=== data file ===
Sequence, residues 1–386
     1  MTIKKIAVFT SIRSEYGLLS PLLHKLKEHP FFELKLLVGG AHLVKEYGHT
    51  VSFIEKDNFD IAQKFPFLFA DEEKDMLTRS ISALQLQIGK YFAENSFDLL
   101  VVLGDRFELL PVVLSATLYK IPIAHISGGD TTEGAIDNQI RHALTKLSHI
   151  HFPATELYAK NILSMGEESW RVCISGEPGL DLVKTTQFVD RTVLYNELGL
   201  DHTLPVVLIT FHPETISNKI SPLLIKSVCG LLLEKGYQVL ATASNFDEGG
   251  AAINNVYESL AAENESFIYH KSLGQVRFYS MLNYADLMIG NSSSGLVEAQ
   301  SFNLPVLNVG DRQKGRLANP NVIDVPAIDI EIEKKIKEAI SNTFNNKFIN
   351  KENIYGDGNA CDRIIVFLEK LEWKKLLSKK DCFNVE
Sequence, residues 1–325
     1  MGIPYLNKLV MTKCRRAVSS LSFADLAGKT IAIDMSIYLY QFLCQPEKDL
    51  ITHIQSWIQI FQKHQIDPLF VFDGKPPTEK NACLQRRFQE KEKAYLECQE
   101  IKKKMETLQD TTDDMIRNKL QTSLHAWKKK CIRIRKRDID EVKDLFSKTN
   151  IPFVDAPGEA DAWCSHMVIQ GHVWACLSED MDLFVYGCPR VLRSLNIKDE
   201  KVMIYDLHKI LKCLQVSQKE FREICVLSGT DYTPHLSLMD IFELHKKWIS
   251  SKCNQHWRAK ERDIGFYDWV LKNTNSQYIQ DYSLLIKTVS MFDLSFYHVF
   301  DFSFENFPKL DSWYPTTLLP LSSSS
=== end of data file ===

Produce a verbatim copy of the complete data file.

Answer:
Sequence, residues 1–386
     1  MTIKKIAVFT SIRSEYGLLS PLLHKLKEHP FFELKLLVGG AHLVKEYGHT
    51  VSFIEKDNFD IAQKFPFLFA DEEKDMLTRS ISALQLQIGK YFAENSFDLL
   101  VVLGDRFELL PVVLSATLYK IPIAHISGGD TTEGAIDNQI RHALTKLSHI
   151  HFPATELYAK NILSMGEESW RVCISGEPGL DLVKTTQFVD RTVLYNELGL
   201  DHTLPVVLIT FHPETISNKI SPLLIKSVCG LLLEKGYQVL ATASNFDEGG
   251  AAINNVYESL AAENESFIYH KSLGQVRFYS MLNYADLMIG NSSSGLVEAQ
   301  SFNLPVLNVG DRQKGRLANP NVIDVPAIDI EIEKKIKEAI SNTFNNKFIN
   351  KENIYGDGNA CDRIIVFLEK LEWKKLLSKK DCFNVE
Sequence, residues 1–325
     1  MGIPYLNKLV MTKCRRAVSS LSFADLAGKT IAIDMSIYLY QFLCQPEKDL
    51  ITHIQSWIQI FQKHQIDPLF VFDGKPPTEK NACLQRRFQE KEKAYLECQE
   101  IKKKMETLQD TTDDMIRNKL QTSLHAWKKK CIRIRKRDID EVKDLFSKTN
   151  IPFVDAPGEA DAWCSHMVIQ GHVWACLSED MDLFVYGCPR VLRSLNIKDE
   201  KVMIYDLHKI LKCLQVSQKE FREICVLSGT DYTPHLSLMD IFELHKKWIS
   251  SKCNQHWRAK ERDIGFYDWV LKNTNSQYIQ DYSLLIKTVS MFDLSFYHVF
   301  DFSFENFPKL DSWYPTTLLP LSSSS